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I Am 65 Yrs. Old; Am I Too Old to Have the Ulthera Procedure?

Doctor Answers 21

Age and Ulthera treatment

Ulthera treatment, like Thermage and even surgery, is more successful when treating healthier skin.  Younger skin that is severly damaged from excessive sun exposure, poor diet, or other factors may respond less well than healthy, well cared for skin in an older person.  I believe the quality of the skin is more important than the age of the patient and thus do not have an absolute age cut off when determining if someone is a candidate for Ulthera treatment.

Nashville Oculoplastic Surgeon
5.0 out of 5 stars 34 reviews

Best Candidates for Ultherapy

Its not necessarily an age relevant treatment as much as quality of the skin we're working in and amount of laxity. Its ideal for patients with mild to moderate laxity. Ultherapy can be a very useful tool in improving the tone and quality of tissue. Having a consultation with a provider in your area should help you decide if its the appropriate therapy for you.  

Sam Naficy, MD
Seattle Facial Plastic Surgeon
5.0 out of 5 stars 174 reviews

Ulthera and Age

Age is less of a factor for Ulthera than skin quality.  Ulthera is ideal for patients with mild to moderate skin laxity.  Patients with younger, healthier skin, without sun damage are more likely to have a more dramatic result due to their increased ability to produce collagen.  An in-person consultation with an experienced provider is the best way to determine if you are a good candidate for the procedure.

Kent V. Hasen, MD
Naples Plastic Surgeon
4.5 out of 5 stars 44 reviews

Ultherapy: Effective Anti-Aging at any Age.

Patients who are 65 and even older can derive positive results from Ultherapy. It all depends upon the patient’s overall health, as well as his or her skin quality, lifestyle, and degree of skin laxity. Since I have no photo of your and I haven’t examined your skin, I can only say this: If you’ve always taken good care of your skin - using sunscreen and leading a healthy, active lifestyle - you’ll see better results than a 55-year-old whose face reveals sun damage and the signs of ill health.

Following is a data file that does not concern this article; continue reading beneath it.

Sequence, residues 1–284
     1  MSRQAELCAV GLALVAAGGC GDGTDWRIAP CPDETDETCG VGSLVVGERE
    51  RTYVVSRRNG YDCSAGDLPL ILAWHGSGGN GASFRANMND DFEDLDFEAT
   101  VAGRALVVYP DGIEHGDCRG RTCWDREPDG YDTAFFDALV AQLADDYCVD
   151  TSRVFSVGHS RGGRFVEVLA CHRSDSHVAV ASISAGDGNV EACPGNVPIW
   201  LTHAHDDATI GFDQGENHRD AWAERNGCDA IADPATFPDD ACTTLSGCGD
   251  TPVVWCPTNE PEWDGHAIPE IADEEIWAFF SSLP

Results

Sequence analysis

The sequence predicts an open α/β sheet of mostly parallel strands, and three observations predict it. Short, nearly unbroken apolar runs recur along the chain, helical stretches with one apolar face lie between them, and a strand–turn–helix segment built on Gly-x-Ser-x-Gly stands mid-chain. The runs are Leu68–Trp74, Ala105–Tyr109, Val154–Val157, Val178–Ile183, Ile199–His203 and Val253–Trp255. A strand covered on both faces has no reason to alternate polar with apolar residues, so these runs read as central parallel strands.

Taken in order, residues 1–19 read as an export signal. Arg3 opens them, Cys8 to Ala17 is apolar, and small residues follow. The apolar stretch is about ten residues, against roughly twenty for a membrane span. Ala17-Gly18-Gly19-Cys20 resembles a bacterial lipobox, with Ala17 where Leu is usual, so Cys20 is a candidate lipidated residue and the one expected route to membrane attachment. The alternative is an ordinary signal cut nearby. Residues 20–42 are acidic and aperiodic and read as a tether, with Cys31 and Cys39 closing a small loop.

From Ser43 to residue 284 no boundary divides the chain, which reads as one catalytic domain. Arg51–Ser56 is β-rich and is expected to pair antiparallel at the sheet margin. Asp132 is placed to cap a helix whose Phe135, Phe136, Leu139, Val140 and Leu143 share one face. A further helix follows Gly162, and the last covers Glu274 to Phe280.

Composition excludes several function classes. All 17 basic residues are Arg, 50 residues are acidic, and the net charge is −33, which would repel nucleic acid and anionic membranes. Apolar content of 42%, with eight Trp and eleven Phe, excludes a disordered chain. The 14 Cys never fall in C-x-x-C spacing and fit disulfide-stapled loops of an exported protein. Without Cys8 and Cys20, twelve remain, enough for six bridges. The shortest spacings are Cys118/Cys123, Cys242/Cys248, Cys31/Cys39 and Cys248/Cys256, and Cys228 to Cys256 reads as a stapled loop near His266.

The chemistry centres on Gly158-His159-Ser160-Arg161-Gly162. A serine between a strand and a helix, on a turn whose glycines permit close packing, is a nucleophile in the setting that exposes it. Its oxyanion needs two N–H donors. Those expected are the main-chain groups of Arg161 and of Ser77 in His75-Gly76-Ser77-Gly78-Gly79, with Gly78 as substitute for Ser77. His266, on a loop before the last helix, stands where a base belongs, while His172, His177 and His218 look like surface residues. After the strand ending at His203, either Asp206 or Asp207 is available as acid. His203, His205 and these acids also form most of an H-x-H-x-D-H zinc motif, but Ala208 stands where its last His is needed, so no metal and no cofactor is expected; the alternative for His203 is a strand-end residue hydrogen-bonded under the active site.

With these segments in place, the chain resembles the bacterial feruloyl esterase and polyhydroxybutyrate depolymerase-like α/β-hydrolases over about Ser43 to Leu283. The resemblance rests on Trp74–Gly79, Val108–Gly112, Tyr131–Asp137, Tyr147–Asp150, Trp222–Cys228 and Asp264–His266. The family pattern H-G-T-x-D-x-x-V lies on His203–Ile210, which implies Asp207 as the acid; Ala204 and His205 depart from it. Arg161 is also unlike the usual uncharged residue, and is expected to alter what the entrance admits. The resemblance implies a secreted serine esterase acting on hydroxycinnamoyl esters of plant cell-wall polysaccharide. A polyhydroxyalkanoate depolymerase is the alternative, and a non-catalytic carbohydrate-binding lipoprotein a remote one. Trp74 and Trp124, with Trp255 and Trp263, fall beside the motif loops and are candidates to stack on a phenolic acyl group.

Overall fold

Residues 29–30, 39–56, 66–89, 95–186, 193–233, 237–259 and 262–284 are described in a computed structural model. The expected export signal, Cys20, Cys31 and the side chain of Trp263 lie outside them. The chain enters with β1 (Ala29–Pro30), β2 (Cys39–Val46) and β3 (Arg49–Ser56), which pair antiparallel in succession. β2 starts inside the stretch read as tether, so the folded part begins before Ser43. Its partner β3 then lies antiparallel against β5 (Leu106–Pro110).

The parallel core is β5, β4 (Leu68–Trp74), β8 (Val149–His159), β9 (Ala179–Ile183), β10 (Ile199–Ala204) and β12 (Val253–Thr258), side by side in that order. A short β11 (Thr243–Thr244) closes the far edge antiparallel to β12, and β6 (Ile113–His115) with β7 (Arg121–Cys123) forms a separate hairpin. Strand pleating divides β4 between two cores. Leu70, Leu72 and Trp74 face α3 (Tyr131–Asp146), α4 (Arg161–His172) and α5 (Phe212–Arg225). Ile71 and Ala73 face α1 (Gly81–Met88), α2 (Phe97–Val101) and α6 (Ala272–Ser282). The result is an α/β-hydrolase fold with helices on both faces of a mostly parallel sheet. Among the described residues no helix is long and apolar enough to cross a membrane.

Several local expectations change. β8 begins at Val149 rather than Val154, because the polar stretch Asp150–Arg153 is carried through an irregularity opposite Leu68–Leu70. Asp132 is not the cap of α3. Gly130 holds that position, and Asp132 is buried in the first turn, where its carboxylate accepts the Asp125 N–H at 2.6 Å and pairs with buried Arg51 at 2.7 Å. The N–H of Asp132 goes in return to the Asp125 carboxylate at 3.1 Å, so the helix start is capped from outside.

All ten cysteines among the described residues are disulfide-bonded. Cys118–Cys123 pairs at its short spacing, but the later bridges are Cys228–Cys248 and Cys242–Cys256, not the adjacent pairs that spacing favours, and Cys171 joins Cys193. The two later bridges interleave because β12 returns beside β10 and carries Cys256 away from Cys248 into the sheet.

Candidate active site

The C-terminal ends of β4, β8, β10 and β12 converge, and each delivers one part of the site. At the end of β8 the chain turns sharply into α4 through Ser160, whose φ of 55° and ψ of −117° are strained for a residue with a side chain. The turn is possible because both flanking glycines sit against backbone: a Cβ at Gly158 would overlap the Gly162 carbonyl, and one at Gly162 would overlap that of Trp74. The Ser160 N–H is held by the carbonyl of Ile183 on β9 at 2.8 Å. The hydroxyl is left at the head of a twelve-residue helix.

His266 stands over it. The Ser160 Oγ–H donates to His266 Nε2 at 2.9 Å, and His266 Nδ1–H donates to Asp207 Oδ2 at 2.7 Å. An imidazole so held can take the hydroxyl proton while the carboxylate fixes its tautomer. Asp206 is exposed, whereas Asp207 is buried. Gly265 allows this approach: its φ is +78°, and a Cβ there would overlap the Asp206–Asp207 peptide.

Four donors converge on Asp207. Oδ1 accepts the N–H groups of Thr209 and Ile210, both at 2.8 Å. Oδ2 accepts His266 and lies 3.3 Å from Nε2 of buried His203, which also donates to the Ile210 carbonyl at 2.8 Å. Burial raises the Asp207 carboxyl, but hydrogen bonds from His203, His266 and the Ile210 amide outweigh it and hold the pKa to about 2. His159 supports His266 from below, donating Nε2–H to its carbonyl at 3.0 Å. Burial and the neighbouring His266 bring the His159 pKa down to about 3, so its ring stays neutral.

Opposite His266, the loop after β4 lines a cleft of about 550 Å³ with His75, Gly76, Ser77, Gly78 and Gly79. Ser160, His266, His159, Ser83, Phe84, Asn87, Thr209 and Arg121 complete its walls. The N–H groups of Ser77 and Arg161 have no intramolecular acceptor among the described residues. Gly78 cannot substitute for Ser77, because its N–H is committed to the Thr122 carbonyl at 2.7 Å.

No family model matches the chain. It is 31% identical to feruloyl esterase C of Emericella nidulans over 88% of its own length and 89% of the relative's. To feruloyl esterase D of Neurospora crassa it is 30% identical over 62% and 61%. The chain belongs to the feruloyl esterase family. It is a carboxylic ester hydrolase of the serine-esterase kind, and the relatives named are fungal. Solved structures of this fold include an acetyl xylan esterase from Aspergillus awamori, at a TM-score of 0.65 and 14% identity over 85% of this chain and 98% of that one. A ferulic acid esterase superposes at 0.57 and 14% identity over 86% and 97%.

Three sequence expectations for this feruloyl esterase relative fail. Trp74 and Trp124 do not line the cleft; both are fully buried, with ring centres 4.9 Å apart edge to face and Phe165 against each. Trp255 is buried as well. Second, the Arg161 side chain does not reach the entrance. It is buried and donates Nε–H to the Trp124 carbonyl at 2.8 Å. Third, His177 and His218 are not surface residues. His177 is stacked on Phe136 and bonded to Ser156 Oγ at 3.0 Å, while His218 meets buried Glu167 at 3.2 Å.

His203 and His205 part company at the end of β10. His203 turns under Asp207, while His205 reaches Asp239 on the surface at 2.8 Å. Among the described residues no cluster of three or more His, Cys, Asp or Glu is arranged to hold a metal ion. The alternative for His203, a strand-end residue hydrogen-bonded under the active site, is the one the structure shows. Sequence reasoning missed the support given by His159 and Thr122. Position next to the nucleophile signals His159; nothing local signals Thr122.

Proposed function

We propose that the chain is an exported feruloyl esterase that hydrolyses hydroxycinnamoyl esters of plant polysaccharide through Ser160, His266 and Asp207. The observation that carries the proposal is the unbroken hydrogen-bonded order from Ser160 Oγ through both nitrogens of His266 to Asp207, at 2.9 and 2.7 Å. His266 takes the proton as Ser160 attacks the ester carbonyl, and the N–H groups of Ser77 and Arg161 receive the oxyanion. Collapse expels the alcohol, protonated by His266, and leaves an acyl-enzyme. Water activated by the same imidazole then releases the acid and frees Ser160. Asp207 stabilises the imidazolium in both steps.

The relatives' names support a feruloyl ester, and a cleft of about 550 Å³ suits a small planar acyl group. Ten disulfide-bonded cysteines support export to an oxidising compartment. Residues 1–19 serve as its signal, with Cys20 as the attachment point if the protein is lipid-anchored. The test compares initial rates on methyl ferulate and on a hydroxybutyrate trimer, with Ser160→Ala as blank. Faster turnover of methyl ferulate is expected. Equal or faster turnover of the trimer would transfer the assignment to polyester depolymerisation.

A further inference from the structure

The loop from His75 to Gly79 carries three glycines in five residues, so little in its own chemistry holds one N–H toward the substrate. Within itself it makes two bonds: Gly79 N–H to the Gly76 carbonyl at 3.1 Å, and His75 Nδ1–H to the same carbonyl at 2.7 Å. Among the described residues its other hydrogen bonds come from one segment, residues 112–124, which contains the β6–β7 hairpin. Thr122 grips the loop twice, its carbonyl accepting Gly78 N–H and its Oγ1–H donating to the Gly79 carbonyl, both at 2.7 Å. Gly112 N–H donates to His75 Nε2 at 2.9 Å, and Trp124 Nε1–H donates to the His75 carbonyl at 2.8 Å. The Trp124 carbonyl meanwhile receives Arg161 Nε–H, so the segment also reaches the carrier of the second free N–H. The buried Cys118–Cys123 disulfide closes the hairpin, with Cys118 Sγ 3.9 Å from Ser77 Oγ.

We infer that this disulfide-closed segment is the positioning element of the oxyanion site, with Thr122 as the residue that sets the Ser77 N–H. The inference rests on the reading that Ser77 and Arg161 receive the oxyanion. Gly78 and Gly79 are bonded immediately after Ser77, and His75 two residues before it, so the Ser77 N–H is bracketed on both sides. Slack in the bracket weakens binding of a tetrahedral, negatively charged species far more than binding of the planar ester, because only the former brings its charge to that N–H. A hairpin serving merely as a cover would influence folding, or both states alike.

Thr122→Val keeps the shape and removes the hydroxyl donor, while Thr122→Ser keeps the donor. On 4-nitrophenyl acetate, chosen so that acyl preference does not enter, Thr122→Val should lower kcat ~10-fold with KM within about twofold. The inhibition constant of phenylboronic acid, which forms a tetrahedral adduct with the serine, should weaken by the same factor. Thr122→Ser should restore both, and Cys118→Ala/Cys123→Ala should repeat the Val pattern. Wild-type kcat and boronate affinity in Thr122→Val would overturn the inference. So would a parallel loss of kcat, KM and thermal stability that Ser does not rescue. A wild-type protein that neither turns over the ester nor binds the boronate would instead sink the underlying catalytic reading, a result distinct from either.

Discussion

In short, no one is chronologically too old for Ultherapy. It all depends upon your skin’s condition and your body’s capacity to respond to the ultrasound energy. Consult with an anti-aging specialist about the treatment, and see what he or she recommends.

Hal Michael Bass, MD
Miami Plastic Surgeon
4.5 out of 5 stars 43 reviews

Ultherapy at 65

Assessing a patient for Ultherapy has more to do with skin quality , amount of skin laxity and patient expectations NOT chronological age. Patients at age 65 can be successfully treated and I urge you to have a consultation before committing to any procedure Good luck!

Melda A. Isaac, MD
Washington DC Dermatologic Surgeon
5.0 out of 5 stars 1 review

Ultherapy treatments are appropriate at any age

Ultherapy treatments are appropriate at any age. Physiologic age is more important than chronologic age.

The indication is laxity of the skin and the procedure can be done if you appear to have good dermal collaen content and healing potential.